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Clean on 2040-cars
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Dodge Challenger for Sale
Auto blogMon, 03 Nov 2014 19:57:00 EST
Motorweek's decades of history on television make it the perfect medium to look back into the automotive past and see how things are different now. It recently added old road test videos to its YouTube channel of the Acura NSX and Toyota Supra, as well as the Ferrari F40. For one of its newest flashback clips, Motorweek has exhumed an affordable five-car challenge of 1986's premiere hot hatches.
By today's standards, this is an eclectic field that features fondly remembered classics like the Volkswagen GTI 16-valve and Acura Integra. However, it also throws in some nearly forgotten contenders like the Dodge Colt Turbo and Ford Escort GT. The angular Toyota Corolla FX16 GT-S rounds out the group.
It's fascinating to watch Motorweek run the quintet through the slalom, down the drag strip and on various roads. What's most striking in this clip is the difference in the definition of a performance car between then and now. With its 16-valve, 1.8-liter four-cylinder, the GTI is the burliest of the contenders with 123 horsepower, but it still takes 8.8 seconds to reach 60 miles per hour. By today's standards, that would make it a plain-jane economy car, and not even a particularly quick one.
If you've noticed that there have been more recalls than usual this year, you may be on to something. According to a report from the National Highway Traffic Safety Administration, the US market is on pace to break a record for recalls. In 2013, 22 million cars were recalled. We're only a third of the way through 2014, though, and we've already halved that figure, with 11 million units recalled. That's wild.
Considering the past few months, it shouldn't be a surprise that General Motors is leading the charge, with six million of the 11 million units recalled coming from one of the General's four brands. Between truck recalls, CUV recalls and the ignition switch recall, 2014 hasn't been a great year for GM.
Other recall leaders include Nissan (one million Sentra and Altima sedans), Honda (900,000 Odyssey minivans), Toyota (over one million units in a few recalls), Volkswagen (150,000 Passat sedans), Chrysler (644,000 Dodge Durango and Jeep Grand Cherokee SUVs) and most recently, Ford (434,000 units, the bulk of which were early Ford Escape CUVs). So while it's been a bad year for GM so far, its competitors aren't doing too well, either.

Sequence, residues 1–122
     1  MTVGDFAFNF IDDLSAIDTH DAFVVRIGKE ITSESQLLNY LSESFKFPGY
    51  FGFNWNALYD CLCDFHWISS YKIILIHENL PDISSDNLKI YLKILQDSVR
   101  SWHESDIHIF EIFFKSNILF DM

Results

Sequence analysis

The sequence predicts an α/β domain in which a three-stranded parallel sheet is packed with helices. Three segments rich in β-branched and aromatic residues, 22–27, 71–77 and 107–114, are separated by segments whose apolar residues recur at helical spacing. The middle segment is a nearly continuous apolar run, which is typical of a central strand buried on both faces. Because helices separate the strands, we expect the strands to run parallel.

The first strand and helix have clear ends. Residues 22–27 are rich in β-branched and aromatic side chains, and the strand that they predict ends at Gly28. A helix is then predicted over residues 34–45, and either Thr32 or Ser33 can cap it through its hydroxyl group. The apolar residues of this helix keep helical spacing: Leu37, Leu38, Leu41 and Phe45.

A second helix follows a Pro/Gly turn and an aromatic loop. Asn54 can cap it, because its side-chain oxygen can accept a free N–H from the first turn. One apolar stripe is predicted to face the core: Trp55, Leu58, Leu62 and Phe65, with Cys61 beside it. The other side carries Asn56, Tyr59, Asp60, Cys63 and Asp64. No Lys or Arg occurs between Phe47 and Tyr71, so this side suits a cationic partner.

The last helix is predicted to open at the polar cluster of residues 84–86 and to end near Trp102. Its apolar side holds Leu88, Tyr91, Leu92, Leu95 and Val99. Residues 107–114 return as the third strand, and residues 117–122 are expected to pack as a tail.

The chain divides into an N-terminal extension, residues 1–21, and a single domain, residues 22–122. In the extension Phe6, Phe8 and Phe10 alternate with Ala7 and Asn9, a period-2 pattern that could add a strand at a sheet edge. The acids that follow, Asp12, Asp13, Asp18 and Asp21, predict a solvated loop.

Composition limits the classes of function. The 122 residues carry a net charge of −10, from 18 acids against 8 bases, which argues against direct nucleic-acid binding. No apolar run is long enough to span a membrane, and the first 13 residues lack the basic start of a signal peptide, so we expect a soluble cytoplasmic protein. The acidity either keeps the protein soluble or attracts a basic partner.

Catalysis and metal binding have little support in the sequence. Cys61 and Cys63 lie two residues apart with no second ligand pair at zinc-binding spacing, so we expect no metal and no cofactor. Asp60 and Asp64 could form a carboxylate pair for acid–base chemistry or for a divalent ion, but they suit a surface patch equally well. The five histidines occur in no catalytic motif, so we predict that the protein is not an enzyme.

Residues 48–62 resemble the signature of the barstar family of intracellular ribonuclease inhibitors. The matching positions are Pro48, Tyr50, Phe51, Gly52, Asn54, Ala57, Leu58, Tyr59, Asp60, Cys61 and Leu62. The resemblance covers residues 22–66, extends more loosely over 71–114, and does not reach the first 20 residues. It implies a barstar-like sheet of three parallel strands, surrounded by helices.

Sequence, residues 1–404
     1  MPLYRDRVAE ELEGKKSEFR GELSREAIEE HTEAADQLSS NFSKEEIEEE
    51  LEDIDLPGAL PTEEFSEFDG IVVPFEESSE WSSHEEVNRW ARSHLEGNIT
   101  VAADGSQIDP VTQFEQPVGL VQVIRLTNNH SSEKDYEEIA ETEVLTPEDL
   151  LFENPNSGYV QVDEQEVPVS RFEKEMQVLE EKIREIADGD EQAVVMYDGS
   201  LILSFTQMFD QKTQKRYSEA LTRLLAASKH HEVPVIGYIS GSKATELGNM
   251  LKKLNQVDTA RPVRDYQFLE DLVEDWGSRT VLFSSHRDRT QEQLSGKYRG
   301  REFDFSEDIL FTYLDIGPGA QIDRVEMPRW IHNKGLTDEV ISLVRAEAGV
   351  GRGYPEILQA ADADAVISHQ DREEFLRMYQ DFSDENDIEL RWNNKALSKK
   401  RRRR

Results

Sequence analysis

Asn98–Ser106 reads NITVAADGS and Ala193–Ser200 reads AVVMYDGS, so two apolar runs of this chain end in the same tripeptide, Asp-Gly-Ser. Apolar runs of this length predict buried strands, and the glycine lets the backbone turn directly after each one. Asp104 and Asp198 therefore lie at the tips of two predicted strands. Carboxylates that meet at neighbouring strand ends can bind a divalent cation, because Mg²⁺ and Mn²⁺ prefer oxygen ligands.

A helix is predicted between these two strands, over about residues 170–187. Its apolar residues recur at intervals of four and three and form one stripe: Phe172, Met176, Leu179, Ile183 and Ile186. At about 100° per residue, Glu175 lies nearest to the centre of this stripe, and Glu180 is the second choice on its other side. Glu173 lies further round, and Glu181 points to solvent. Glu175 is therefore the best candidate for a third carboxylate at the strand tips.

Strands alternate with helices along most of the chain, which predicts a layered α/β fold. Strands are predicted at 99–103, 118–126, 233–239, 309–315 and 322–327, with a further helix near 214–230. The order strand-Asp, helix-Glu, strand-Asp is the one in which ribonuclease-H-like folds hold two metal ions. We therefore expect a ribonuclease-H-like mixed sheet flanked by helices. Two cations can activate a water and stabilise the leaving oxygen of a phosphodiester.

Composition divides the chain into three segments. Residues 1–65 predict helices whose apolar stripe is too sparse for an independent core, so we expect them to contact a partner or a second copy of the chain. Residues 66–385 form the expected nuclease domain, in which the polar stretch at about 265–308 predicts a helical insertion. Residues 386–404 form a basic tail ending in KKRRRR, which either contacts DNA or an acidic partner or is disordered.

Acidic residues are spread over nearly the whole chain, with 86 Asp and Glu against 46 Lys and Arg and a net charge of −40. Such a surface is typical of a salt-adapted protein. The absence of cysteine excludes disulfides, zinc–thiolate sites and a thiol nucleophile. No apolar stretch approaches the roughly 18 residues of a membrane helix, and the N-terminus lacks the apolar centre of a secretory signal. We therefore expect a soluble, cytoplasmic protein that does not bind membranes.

Watchers of the auto industry will notice a theme among the formerly bankrupted American automakers, General Motors and Chrysler. There are the post-bankruptcy vehicles, and the pre-bankruptcy vehicles. The former, in the case of Chrysler, include the Jeep Grand Cherokee, as well as the 200 and 300. For GM, there's the Cadillac ATS, Chevrolet Impala and Buick Encore, among others. These vehicles have the freshest styling, with sharp exteriors and well-crafted interiors, as well as advanced powertrains and well-sorted chassis.
As for the pre-bankruptcy vehicles, they tend to be easy to spot. Most suffer from inferior driving dynamics, cheaper interiors, poorer fuel economy and often homely looks (we know, there were some decent cars before the bankruptcy, but they were pretty heavily outweighed by the bad ones). Think late, last-generation Chevrolet Impala or Chrysler 200. Increasingly, though, we're seeing vehicles that split the balance between pre- and post-bankruptcy. Vehicles like the Dodge Journey.
The Journey debuted in 2007 as a 2008 model year vehicle, meaning it should fall into the latter category. But heavily breathed upon in 2011, it now enjoys a new, 3.6-liter Pentastar V6, a big, critically acclaimed touchscreen display and in the case of today's tester, a new-for-2014 Crossroad spec.